Hoooleeeee crap, it has been awhile. But! Dig Through Time is back today with a review of the second set of the infamous Kamigawa block—Betrayers of Kamigawa. This set came out 13 years ago in 2005 (can you believe that 2005 was 13 years ago?) and introduced one of the most popular, most requested aspects of Kamigawa: ninjas. Ninjas used the ninjutsu keyword, which allowed you to pay a cost, return an unblocked attacker to hand, and put a ninja card from your hand onto the battlefield tapped and attacking. This mechanic was actually the seed for the emerge mechanic that we saw in Eldritch Moon, though I feel that emerge more closely resembles the other mechanic that BoK introduced which was offering. Offering was tied to the five tribes in Kamigawa, allowing you to sacrifice some number of creatures of a particular get a discount on the Patron of that tribe. Only the five Patrons used this mechanic in the set. Though the block is remembered fondly by us EDH players, and Vorthos everywhere continue to slaver for more Ninjas, Mark Rosewater just confirmed once again that a return to this plane is highly unlikely, but that doesn’t have to stop us from digging around for some hot jank gems! Let’s take a look at what underplayed treats this set is serving up.
Seeing play in 45 decks is Kitsune Palliator, an interesting take on a pretty common effect. We’re familiar with draft chaff cards like Abuna Acolyte and D’Avenant Healer that provide targeted damage prevention, but how about something that protects everything and everybody at once? It’s good for keeping you alive, it’s good for saving your creatures, and it’s good for politics. It’s also good for a soft fog, and it’s a hilarious way to counter a single activation of Pestilence. Keep in mind, it won’t prevent the next one damage per creature that would be dealt to a player, so if you’re facing down a swarm of tokens this is only going to stop a single damage from one of them.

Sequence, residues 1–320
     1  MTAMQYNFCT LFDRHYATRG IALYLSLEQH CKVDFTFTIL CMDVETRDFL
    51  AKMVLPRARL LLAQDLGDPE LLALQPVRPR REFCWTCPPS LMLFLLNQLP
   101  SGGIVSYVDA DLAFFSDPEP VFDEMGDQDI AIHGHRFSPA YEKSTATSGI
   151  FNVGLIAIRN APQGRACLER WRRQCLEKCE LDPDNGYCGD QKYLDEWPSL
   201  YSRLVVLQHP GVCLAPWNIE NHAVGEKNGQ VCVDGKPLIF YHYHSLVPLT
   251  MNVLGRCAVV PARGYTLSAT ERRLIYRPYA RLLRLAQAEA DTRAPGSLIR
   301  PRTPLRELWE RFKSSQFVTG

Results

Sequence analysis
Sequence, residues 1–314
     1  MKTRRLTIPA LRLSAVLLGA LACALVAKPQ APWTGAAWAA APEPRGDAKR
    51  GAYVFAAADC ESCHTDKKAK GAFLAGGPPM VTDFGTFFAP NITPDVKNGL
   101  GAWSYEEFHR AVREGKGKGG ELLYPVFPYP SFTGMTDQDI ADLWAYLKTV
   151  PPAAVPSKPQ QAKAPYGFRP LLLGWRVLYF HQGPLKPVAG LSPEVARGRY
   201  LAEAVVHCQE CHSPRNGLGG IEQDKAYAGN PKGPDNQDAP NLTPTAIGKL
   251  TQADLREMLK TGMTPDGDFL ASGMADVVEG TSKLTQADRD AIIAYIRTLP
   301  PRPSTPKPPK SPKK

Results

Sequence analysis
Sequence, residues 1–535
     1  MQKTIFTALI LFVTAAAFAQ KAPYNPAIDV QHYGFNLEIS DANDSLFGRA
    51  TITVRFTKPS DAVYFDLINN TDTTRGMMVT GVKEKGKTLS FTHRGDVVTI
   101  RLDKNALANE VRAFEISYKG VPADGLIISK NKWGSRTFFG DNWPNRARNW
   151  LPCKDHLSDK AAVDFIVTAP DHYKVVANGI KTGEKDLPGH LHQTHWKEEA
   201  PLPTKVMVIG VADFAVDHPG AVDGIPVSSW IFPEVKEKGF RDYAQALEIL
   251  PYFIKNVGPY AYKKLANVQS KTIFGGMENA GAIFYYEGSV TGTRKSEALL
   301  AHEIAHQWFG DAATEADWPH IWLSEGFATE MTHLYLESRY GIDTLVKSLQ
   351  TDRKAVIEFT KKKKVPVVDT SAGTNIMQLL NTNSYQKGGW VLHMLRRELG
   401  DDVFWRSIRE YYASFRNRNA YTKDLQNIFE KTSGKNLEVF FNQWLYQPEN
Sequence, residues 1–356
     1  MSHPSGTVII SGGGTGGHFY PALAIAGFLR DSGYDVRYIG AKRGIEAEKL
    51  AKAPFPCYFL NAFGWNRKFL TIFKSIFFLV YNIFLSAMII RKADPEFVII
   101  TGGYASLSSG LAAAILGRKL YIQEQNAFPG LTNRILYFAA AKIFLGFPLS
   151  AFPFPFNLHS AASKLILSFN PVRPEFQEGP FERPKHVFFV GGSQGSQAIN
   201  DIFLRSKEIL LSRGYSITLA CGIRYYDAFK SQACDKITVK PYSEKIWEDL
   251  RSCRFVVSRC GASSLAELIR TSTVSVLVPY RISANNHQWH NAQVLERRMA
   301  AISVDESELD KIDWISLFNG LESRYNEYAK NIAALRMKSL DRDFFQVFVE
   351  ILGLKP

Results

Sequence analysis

Patron of the Kitsune plays this card the most at 13 decks for the obvious tribal synergies. Kitsune Palliator seems like it would have a happy home in some Kynaios and Tiro of Meletis builds, or even those dreaded Phelddagrif or Zedruu, the Greathearted no-wincon hug decks.
Reduce to Dreams is a beautiful, surgical mass bounce spell that sees play in just 52 decks. How often do the people in your playgroup drop mana rocks on turns one through three, and then play a big bomb artifact or enchantment like Sunbird’s Invocation? Reduce to Dreams sets those players back several turns while allowing you first chance to start rebuilding. Considering that blue has some problems with getting rid of artifacts and enchantments once they’re resolved, and especially en masse, I’m pretty surprised that this card isn’t a bit more of a staple.
Talrand, Sky Summoner, the king of all instants and sorceries, plays this card the most at 5 decks. I think this kind of effect is most needed in mono-blue and blue/black decks where the amount of interaction with artifacts and enchantments is minimal. Throw this in Phenax, God of Deception, Sygg, River Cutthroat, or Baral, Chief of Compliance.